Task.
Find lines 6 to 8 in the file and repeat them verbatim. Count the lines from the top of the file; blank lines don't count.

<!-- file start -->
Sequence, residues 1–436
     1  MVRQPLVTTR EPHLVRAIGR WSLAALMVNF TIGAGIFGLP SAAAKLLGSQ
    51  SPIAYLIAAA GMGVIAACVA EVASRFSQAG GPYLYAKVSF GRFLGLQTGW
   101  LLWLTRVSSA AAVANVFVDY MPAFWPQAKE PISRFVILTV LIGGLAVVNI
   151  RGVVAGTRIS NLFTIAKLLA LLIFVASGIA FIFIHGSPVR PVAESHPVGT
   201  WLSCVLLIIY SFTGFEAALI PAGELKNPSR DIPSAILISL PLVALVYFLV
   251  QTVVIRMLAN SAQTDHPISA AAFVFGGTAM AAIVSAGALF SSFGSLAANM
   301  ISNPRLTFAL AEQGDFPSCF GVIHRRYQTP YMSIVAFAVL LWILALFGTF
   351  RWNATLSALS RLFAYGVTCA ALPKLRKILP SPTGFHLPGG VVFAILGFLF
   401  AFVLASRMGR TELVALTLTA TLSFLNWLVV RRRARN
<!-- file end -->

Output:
   201  WLSCVLLIIY SFTGFEAALI PAGELKNPSR DIPSAILISL PLVALVYFLV
   251  QTVVIRMLAN SAQTDHPISA AAFVFGGTAM AAIVSAGALF SSFGSLAANM
   301  ISNPRLTFAL AEQGDFPSCF GVIHRRYQTP YMSIVAFAVL LWILALFGTF